Interim committee studying juvenile justice reform
An interim Legislative committee has begun its study of the juvenile justice system.
Members of the Justice Reinvestment Committee are hoping that some of the juveniles who now go through the court system will be able to be diverted into community-based treatment programs.
The Department of Corrections Director of the Division of Juvenile Services, Lisa Bjergaard, said some work toward that reform is already underway, thanks to the study done two years ago, and the recommendations that came from the Council of State Governments.
"We've got a roadmap," Bjergaard said in an interview. "It's a matter of inspiring our partners to come along with us."
Bjergaard said this will require community awareness, as well as community based programming.
"I think the jury is still out yet on what that's going to look like," Bjergaard said. "A lot of the reforms we need may cost us less than we think."
Meanwhile, North Dakota’s State Court Administrator said the legislature should look at raising the state’s “age of criminal responsibility.”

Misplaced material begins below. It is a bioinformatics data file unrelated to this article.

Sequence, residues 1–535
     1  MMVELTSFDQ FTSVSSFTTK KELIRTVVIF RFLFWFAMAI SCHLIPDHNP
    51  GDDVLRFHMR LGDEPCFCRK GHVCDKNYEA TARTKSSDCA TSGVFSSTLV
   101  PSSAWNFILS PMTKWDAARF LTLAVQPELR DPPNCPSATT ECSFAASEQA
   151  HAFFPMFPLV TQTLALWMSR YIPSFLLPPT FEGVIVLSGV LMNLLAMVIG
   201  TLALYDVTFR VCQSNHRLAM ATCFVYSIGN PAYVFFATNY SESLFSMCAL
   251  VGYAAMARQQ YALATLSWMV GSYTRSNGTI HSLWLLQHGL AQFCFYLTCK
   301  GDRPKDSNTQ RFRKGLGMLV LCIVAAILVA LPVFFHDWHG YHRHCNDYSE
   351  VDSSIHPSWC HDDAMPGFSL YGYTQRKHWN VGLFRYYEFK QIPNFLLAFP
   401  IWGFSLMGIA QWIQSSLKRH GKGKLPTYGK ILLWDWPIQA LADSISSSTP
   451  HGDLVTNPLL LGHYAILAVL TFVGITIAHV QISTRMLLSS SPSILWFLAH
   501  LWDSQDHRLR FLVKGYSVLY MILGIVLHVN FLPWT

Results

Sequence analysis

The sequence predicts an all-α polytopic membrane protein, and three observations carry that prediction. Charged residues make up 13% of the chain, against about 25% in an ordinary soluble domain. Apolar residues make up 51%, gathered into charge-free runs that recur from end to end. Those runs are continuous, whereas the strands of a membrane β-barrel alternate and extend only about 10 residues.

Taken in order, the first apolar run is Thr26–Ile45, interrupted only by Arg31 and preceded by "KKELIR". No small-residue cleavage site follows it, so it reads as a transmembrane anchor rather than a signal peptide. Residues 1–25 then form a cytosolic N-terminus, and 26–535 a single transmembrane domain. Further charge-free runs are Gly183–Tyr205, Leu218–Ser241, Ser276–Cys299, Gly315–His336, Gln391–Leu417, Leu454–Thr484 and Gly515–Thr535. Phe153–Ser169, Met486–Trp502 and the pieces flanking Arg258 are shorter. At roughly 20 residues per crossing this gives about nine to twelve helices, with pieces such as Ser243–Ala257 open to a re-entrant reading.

Sally Holewa told the Legislature’s interim Justice Reinvestment Committee the age at which a juvenile can be taken to court in North Dakota is seven.
"Picture what a little 7-year old looks like," Holewa said. "In 2015, the last year where we have the data, we had 20 of those 7-year olds coming through the juvenile court as little mini-criminals."
Holewa told the committee she would like to see that raised – to 10 or 12 years of age.
"The question is, is it more appropriate if that kid is acting up to send them to children and family servces to address underlying issues with mental health or the home life, or is it more important to run them through the criminal system?" Holewa said.
The committee will make recommendations to the 2019 Legislature.